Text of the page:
Text #3658The Histories. Series: Histories. Vol. 3 .
[Hdt. 7.37. Translated by Alfred Denis Godley. William Heinemann; G. P. Putnam's Sons. 1922. (4 Vols.) p. 351]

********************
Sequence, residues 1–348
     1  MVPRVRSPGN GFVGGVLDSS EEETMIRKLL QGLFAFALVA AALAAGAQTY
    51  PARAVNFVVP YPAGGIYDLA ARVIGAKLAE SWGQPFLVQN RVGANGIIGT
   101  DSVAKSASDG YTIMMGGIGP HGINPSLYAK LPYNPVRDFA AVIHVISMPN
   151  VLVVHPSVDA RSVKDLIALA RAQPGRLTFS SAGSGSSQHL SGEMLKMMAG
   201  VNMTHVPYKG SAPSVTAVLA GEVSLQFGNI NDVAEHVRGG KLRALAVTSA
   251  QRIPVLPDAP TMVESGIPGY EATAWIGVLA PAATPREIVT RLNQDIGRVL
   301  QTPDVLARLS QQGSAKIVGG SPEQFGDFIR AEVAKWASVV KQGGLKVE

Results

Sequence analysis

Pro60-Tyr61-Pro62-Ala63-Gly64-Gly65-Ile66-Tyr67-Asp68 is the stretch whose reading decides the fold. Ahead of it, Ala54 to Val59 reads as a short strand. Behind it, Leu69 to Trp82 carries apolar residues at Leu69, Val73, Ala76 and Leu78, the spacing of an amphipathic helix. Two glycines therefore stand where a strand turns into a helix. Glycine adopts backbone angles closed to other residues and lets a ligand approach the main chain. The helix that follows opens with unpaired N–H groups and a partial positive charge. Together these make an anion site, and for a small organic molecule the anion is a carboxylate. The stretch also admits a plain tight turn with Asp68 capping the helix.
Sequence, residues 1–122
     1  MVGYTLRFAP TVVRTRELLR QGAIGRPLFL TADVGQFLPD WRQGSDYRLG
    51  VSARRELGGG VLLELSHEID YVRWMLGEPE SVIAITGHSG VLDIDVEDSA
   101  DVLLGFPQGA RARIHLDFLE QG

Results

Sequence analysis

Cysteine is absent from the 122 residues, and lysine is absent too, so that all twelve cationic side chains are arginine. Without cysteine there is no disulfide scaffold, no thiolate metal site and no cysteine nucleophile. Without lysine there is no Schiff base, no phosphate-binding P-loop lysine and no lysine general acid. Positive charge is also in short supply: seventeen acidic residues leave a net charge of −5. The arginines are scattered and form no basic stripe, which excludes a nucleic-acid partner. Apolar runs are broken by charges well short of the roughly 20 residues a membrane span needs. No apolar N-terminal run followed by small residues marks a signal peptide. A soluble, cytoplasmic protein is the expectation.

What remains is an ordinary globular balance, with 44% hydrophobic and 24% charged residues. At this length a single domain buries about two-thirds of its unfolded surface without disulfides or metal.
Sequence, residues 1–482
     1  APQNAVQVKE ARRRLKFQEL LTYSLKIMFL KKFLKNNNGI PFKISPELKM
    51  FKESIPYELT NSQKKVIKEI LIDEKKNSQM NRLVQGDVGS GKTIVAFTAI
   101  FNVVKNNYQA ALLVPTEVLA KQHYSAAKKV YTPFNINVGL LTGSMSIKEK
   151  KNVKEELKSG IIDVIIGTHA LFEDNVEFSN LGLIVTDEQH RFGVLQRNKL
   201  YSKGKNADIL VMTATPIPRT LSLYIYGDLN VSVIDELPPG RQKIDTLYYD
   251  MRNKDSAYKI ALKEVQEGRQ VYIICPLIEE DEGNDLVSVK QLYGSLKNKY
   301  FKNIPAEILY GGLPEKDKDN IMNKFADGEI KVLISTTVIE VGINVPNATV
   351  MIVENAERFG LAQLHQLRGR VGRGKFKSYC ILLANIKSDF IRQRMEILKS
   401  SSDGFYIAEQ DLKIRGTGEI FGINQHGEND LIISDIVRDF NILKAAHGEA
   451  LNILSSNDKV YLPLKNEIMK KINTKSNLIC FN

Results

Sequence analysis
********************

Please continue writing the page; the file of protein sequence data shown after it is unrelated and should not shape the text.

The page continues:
… [t]he army then wintered, and at the beginning of spring was ready and set forth from Sardis to march to Abydos. When they had set forth, the sun left his place in the heaven and was unseen, albeit the sky was without clouds and very clear, and the day was turned into night. When Xerxes saw and took note of that, he was moved to think upon it, and asked the Magians what the vision might signify. They declared to him, that the god was showing to the Greeks the desolation of their cities; for the sun (they said) was the prophet of the Greeks, as the moon was theirs. Xerxes rejoiced exceedingly to hear that, and kept on his march